Monthly Archives: December 2013

Cell Phones Make You Sad!

Frequent Cell Phone Use Linked to Anxiety, Lower Grades and Reduced Happiness in Students, Kent State Research Shows

Today, smartphones are central to most of our lives.

College students keep them constantly connected with their friends, family and the Internet.  Students’ cell phones are rarely out of reach whether the setting is a college classroom, library, recreational center, cafeteria or dorm room.

As cell phone use continues to increase, it’s worth considering whether use of the device is related to measurable outcomes important for student success, such as academic performance, anxiety and happiness… and for the rest of us.

Kent State University surveyed more than 500 university students.

Daily cell phone use Photo of Kent State student with cell phonewas recorded along with a clinical measure of anxiety and each student’s level of satisfaction with their own life, or in other words happiness.

Finally, all participants allowed the researchers to access their official university records in order to retrieve their actual, cumulative college grade point average (GPA). All students surveyed were undergraduate students and were equally distributed by class (freshman, sophomore, junior and senior).  In addition, 82 different, self-reported majors were represented.

Results of the analysis showed that cell phone use was negatively related to GPA and positively related to anxiety. Following this, GPA was positively related to happiness while anxiety was negatively related to happiness. 

For the population studied, high frequency cell phone users tended to have lower GPA, higher anxiety, and lower satisfaction with life (happiness) relative to their peers who used the cell phone less often. 

The statistical model illustrating these relationships was highly significant.

Earlier this year, another research team also identified a negative relationship between cell phone use and cardio-respiratory fitness.

Taken as a whole, these results suggest that students should be encouraged to monitor their cell phone use and reflect upon it critically so that it is not detrimental to their academic performance, mental and physical health, and overall well-being or happiness.

And for the rest of us? The same!!

We should also reflect on this: in our culture, too many people (especially the young) cannot be alone with themselves. That is unhealthy.

The study reported here is published in the journal Computers in Human Behavior (2014).

We CAN Reverse Aging: by Simple Changes in Lifestyle

A small pilot study shows for the first time that changes in diet, exercise, stress management and social support may result in longer telomeres, the parts of chromosomes that affect aging.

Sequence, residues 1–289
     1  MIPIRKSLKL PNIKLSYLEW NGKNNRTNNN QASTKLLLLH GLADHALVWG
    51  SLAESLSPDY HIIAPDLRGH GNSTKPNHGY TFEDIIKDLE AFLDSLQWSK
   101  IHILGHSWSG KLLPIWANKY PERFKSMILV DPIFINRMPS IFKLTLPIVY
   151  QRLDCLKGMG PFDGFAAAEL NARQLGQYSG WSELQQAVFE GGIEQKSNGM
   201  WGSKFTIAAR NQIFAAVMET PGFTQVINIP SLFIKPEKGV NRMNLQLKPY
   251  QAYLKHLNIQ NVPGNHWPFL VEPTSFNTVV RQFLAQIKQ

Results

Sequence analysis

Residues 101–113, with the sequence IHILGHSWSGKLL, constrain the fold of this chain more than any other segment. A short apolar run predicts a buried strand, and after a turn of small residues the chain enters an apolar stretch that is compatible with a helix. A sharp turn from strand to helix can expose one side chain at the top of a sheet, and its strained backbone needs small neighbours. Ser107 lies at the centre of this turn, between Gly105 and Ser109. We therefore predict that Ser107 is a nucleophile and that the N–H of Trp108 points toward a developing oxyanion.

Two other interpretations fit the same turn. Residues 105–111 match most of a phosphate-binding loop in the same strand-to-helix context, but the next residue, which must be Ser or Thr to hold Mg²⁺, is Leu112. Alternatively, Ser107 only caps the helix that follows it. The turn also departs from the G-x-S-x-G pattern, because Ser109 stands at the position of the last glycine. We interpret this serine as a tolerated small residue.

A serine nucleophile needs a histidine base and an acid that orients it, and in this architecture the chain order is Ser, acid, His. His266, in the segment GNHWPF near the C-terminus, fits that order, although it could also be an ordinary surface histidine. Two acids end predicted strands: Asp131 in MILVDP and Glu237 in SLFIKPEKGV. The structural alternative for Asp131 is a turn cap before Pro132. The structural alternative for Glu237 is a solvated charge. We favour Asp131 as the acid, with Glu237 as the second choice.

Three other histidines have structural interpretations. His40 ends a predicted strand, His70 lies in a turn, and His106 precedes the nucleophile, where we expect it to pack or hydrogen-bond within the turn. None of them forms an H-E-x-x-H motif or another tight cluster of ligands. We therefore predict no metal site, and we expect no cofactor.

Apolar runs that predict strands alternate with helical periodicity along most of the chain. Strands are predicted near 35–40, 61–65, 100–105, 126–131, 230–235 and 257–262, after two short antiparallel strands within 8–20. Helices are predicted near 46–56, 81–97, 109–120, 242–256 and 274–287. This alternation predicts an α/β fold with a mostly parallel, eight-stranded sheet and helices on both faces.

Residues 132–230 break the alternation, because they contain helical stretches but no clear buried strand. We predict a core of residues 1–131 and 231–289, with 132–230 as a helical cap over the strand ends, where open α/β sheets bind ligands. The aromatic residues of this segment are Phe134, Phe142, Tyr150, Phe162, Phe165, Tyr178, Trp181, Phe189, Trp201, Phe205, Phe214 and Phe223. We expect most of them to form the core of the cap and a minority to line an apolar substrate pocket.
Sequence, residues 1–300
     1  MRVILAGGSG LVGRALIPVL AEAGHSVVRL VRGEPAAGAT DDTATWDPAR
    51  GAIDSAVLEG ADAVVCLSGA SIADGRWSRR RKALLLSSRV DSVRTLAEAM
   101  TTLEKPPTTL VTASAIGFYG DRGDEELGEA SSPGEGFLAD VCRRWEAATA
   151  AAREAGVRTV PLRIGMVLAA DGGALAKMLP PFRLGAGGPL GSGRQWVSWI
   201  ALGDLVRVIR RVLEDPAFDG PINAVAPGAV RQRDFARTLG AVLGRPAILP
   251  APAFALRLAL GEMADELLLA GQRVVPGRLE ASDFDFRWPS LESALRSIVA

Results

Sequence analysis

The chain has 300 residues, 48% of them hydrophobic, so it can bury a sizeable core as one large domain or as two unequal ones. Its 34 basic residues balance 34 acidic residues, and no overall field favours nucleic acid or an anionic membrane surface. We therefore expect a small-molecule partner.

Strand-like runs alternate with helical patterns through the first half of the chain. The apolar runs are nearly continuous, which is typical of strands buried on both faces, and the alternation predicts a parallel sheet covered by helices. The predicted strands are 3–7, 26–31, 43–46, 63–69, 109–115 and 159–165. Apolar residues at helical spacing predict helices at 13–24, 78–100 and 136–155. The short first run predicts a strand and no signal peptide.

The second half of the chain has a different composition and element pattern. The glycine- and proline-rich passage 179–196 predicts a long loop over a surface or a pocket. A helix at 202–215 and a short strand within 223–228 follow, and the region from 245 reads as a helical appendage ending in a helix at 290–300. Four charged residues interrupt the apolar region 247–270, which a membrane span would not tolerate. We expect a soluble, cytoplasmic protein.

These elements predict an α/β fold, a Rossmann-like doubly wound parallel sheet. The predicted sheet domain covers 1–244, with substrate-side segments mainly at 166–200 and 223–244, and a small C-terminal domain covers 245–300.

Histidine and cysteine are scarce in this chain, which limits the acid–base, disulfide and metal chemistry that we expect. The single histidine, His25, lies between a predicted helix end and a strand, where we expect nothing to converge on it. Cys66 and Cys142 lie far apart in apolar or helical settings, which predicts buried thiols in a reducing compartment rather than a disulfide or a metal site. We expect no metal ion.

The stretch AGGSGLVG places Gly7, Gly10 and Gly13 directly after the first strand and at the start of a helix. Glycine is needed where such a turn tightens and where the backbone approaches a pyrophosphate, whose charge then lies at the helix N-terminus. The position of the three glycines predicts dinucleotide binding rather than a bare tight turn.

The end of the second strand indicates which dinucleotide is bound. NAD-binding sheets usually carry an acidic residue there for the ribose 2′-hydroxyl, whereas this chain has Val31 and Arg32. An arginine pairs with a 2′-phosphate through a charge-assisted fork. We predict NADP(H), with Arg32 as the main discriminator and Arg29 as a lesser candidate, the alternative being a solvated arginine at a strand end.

It is the first controlled trial to show that any intervention might lengthen telomeres over time.

The study was published online in The Lancet Oncology. It was conducted by scientists at UC San Francisco and the Preventive Medicine Research Institute, a nonprofit public research institute in Sausalito, Calif. that investigates the effect of diet and lifestyle choices on health and disease. The researchers say they hope the results will inspire larger trials to test the validity of the findings.

“Our genes, and our telomeres, are not necessarily our fate,” said lead author Dean Ornish, MD, UCSF clinical professor of medicine, and founder and president of the Preventive Medicine Research Institute.

“So often people think ‘Oh, I have bad genes, there’s nothing I can do about it,’” Ornish said. “But these findings indicate that telomeres may lengthen to the degree that people change how they live. Research indicates that longer telomeres are associated with fewer illnesses and longer life.”

Study of Early-Stage Prostate Cancer Patients

Telomeres are the protective caps on the ends of chromosomes that affect how quickly cells age. They are combinations of DNA and protein that protect the ends of chromosomes and help them remain stable. As they become shorter, and as their structural integrity weakens, the cells age and die quicker.

In recent years, shorter telomeres have become associated with a broad range of aging-related diseases, including many forms of cancer, stroke, vascular dementia, cardiovascular disease, obesity, osteoporosis and diabetes.

For five years, the researchers followed 35 men with localized, early-stage prostate cancer to explore the relationship between comprehensive lifestyle changes, and telomere length and telomerase activity. All the men were engaged in active surveillance, which involves closely monitoring a patient’s condition through screening and biopsies.

Ten of the patients embarked on lifestyle changes that included: a plant-based diet (high in fruits, vegetables and unrefined grains, and low in fat and refined carbohydrates); moderate exercise (walking 30 minutes a day, six days a week); stress reduction (gentle yoga-based stretching, breathing, meditation). They also participated in weekly group support.

They were compared to the other 25 study participants who were not asked to make major lifestyle changes.

The group that made the lifestyle changes experienced a “significant” increase in telomere length of approximately 10 percent. Further, the more people changed their behavior by adhering to the recommended lifestyle program, the more dramatic their improvements in telomere length, the scientists learned.

By contrast, the men in the control group who were not asked to alter their lifestyle had measurably shorter telomeres – nearly 3 percent shorter – when the five-year study ended. Telomere length usually decreases over time.

Read more and watch an interview with Dean Ornish, MD.

A plant-based diet is key to anti-aging, as well as to supplying the energy to exercise and the support for managing stress. For us Juice Plus+ has been the catalyst for all our lifestyle changes, which have led to our ‘getting younger’ every year!